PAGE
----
Introduction Hepatic encephalopathy (HE) is a debilitating symptom of end-stage liver disease (ESLD), but there remains a paucity of evidence regarding its impact on nutritional status, nutritional intake, compliance with nutritional support and resultant muscle health and function. Malnutrition and sarcopenia are associated with increased morbidity and mortality in patients with ESLD. The aim of the current case–control study is to prospectively investigate the impact of HE on nutritional intake and sarcopenia status in patients with ESLD.
Methods and analysis Patients with ESLD, with HE (n=10) and without HE (n=10) will be recruited at the outpatient liver unit, University Hospital Birmingham, UK. All patients will undergo clinical assessment at baseline and again at 6–8 weeks (in-line with their routine clinical follow-up), to assess the impact of HE on reported nutritional intake, nutritional status and sarcopenia/physical functional status. Standard medical, dietetic and home-based exercise physiotherapy care will continue for all participants as determined by their clinical team. Two methods of assessing nutritional intake will include the 24-hour food recall and 3-day food diaries. Assessment of sarcopenia status will be undertaken using anthropometry (mid-arm muscle circumference (MAMC)) and ultrasound imaging of the quadriceps muscle group. Markers of physical function (hand grip strength; chair rise time), frailty (Liver Frailty Index (LFI)), physical activity (accelerometery) and exercise capacity (Duke Activity Status Index (DASI)) will be assessed at both clinic visits.
Ethics and dissemination The study is approved by Wales Research Ethics Committee 2 and Health Research Authority (REC reference: 21/WA/0216). Recruitment into the study commenced November 2021. The findings will be disseminated through peer-reviewed publications and international presentations.
Trial registration number RRK7156.
- hepatic encephalopathy
- nutritional status
- chronic liver disease
Data availability statement
This case–control study is still open for data collection, and therefore, data are not yet available.
This is an open access article distributed in accordance with the Creative Commons Attribution Non Commercial (CC BY-NC 4.0) license, which permits others to distribute, remix, adapt, build upon this work non-commercially, and license their derivative works on different terms, provided the original work is properly cited, appropriate credit is given, any changes made indicated, and the use is non-commercial. See: http://creativecommons.org/licenses/by-nc/4.0/.
Statistics from Altmetric.com
If you wish to reuse any or all of this article please use the link below which will take you to the Copyright Clearance Center’s RightsLink service. You will be able to get a quick price and instant permission to reuse the content in many different ways.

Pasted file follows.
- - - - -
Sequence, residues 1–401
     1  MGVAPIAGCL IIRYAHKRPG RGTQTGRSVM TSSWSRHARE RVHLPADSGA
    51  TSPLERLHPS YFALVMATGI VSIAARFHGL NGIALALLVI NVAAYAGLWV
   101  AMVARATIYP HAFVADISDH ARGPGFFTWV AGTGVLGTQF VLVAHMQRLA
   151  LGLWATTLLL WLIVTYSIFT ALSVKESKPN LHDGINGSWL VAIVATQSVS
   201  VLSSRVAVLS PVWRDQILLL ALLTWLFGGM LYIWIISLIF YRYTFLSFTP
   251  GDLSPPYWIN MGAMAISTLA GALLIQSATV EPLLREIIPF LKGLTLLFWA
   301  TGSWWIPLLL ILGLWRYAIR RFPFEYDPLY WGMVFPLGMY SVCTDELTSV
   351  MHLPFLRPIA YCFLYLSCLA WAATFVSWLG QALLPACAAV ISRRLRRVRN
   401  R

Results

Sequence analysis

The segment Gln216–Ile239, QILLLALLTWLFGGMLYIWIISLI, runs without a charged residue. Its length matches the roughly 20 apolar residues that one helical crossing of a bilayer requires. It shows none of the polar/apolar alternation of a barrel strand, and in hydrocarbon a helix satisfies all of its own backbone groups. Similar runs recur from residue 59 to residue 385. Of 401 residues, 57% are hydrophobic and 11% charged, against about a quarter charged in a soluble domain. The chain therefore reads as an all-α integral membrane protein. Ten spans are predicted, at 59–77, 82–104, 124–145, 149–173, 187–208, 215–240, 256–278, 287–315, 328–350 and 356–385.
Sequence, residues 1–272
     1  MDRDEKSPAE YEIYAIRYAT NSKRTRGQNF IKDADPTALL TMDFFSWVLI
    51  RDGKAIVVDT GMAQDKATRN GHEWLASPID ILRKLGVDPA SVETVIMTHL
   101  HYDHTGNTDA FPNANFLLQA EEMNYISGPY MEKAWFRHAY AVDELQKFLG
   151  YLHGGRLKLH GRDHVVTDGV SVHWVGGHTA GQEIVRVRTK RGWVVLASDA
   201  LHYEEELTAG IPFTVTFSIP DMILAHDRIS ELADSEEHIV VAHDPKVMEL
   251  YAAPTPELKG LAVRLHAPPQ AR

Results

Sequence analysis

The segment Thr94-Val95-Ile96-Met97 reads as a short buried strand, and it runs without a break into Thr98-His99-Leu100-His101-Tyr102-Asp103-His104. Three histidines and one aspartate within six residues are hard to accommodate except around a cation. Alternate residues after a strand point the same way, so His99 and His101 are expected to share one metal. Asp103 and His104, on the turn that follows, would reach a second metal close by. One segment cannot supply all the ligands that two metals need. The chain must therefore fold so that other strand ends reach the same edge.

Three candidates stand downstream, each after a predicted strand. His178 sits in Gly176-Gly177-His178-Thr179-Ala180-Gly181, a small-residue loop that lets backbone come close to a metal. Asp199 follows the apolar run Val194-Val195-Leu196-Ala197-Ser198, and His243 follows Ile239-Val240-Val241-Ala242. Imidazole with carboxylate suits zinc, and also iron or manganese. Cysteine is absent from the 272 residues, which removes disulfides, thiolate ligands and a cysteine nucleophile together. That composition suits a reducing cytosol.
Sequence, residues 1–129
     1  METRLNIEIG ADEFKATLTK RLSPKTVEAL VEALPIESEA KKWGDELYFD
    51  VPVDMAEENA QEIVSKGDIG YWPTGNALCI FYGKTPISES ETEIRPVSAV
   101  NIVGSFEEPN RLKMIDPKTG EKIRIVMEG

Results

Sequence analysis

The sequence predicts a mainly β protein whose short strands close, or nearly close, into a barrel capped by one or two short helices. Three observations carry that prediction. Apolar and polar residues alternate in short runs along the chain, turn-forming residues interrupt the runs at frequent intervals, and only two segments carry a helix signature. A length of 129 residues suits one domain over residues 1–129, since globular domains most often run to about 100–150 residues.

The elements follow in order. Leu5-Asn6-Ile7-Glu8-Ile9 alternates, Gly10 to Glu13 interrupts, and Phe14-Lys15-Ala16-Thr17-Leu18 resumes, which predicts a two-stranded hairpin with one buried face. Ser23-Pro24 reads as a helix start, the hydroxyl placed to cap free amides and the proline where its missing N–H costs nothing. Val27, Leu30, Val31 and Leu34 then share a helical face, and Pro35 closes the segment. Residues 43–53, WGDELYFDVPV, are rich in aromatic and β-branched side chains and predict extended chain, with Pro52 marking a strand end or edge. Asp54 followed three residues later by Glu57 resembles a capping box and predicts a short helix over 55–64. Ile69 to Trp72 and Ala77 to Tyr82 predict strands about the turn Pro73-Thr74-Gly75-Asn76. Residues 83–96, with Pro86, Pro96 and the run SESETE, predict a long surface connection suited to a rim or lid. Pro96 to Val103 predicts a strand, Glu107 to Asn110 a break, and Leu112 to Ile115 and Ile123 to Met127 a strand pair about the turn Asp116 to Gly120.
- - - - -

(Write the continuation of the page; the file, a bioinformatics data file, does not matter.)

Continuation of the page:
WHAT IS ALREADY KNOWN ON THIS TOPIC
Hepatic encephalopathy (HE) is a debilitating symptom of end-stage liver disease known to exacerbate sarcopenia and frailty which in turn increases morbidity and mortality. There is a lack of prospective research in this area, thus the true impact is not known, and current assessment methods are inadequate.
WHAT THIS STUDY ADDS
This is a novel study investigating the impact of HE on patient-reported nutritional intake, nutritional and sarcopenia/functional status.
HOW THIS STUDY MIGHT AFFECT RESEARCH, PRACTICE OR POLICY
This study will improve understanding of how to assess nutritional and sarcopenia status of this vulnerable patient group and will provide further guidance on areas of unmet research need in this cohort.
Sarcopenia (loss of muscle mass/strength) and reduced physical function are major complications of end-stage liver disease (ESLD), with an increase in prevalence as disease progresses.1 The causes of sarcopenia and associated reduced physical function in ESLD are multifactorial, including2–4:
Age-related loss of muscle motor units.
Hormonal and immune dysregulation.
Malnutrition (poor intake±absorption).
An imbalance between protein synthesis and breakdown (catabolism).
Reduced physical activity (secondary to hepatic encephalopathy (HE)).
Ascites, fatigue, depression.
Sarcopenia and poor physical function are associated with increased all-cause mortality in ESLD, as well as prolonged hospital admissions, infections and worsening hepatic decompensation (eg, ascites and HE).5–7 Such decompensations in turn, promote a vicious cycle of worsening malnutrition, functional status and disability.
HE affects up to 40% of individuals with ESLD, manifesting as a wide spectrum of neurological or psychiatric abnormalities.8 9 It is caused by multiple mechanisms, notably hepatic function insufficiency (lack of ammonia clearance) and portosystemic shunting.8 9 HE ranges from mild forgetfulness/reversed sleep patterns to significant impairment of intellectual function, behaviour (including emotional lability) and reduced levels of consciousness. Commonly these signs and symptoms are categorised by the West Haven criteria (graded I–IV), with grade IV representing a coma.10 HE is known to be one of the most debilitating symptoms in patients with ESLD, with reported poor quality of life (QoL), substantial economic burden and repeated hospital admissions.8 9 However, there remains a paucity of data on the degree to which HE impacts up on nutritional intake, sarcopenia and physical function.